But enough of that. Silent Hill is damn terrifying, and itís amazing how many issues this terror solves. Suddenly the lack of coherency in the story becomes disturbing, as you feel continually off guard and not sure what horror the game is going to throw out at you next. The muddy graphics become a place where demons may lie in wait and you start checking every corner and shadow twice, sure that you just saw something move. Fear even starts to make the game feel harder. Fear is an enemy that you canít conquer from within the game--it sits next to you on the couch, whispering that something is going to attack you as soon as you go through that door, or that something has crept up behind you while you were looking at your map. I used up most of my health packs preparing for enemies that werenít actually there. Every time I died, it was because I panicked and tried to run when I shouldíve held my ground--or held my ground when I should have run. Fear makes it hard to think clearly.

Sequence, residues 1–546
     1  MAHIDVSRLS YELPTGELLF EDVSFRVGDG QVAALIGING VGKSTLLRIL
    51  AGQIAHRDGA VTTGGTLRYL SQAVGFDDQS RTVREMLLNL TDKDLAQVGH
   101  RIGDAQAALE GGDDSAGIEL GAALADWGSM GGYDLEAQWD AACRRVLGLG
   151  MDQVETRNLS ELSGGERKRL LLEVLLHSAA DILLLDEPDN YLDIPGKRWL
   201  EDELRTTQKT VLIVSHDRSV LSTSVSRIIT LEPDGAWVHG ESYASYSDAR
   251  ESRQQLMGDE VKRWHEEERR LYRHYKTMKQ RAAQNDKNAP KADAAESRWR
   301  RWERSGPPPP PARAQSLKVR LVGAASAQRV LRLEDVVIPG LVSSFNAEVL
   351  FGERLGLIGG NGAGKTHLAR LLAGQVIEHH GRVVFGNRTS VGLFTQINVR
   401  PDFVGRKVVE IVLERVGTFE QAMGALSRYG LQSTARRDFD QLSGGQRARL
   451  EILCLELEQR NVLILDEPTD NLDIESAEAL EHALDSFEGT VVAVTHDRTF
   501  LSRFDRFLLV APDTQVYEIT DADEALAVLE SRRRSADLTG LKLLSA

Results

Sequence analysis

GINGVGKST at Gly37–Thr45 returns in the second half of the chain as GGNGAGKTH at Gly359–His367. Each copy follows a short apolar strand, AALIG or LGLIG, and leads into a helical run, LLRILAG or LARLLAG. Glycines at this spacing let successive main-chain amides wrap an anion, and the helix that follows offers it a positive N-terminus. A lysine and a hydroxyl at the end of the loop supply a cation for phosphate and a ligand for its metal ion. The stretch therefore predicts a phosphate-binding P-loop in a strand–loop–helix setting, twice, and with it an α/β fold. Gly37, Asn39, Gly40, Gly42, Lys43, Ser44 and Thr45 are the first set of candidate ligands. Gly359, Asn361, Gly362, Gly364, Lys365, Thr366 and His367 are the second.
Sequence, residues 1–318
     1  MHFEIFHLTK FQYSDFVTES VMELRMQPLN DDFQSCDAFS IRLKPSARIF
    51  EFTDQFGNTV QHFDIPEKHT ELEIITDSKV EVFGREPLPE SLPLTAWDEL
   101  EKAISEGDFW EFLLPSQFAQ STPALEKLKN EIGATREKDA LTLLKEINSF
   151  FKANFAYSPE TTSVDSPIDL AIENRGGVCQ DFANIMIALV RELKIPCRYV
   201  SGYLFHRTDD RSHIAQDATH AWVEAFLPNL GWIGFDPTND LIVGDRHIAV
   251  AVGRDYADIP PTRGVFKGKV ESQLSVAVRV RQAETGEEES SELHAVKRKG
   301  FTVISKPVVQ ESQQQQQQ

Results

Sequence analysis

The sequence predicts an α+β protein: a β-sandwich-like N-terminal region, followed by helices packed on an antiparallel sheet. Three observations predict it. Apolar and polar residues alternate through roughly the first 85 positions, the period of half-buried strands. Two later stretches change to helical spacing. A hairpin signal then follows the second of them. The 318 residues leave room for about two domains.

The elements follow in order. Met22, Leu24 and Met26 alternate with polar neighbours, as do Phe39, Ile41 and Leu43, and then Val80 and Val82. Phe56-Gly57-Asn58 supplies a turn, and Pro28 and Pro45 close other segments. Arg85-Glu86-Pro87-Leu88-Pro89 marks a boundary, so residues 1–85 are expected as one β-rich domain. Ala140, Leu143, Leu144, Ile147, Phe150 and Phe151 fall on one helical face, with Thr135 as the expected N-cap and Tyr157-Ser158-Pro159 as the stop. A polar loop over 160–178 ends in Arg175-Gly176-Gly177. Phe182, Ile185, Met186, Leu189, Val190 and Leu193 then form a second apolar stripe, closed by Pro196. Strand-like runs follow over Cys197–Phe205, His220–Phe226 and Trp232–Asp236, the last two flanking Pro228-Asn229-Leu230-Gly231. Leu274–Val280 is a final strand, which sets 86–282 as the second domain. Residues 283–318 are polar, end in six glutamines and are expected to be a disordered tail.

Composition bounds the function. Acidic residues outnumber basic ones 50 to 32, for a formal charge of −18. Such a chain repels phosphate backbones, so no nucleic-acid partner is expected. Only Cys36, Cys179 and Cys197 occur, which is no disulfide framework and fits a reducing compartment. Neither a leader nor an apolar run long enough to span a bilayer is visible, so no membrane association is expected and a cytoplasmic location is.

In creating this fear, huge credit has to go to the sound design team. When I explored Silent Hill, I was taken captive by a cacophony of sound. More than captive--I felt herded by the sound. No other game uses sound to this degree to control a player. Itís like playing two games at once. In one game, you may be running through a disgustingly dilapidated hospital, seeing that the way ahead is clear--but the other game, the one piping through your speakers, is bursting with discordant static and orchestral screams, blazing a message into your brain: ďDonít go this way!Ē Often, I was turned aside from the right course and into danger by the sound messing with me.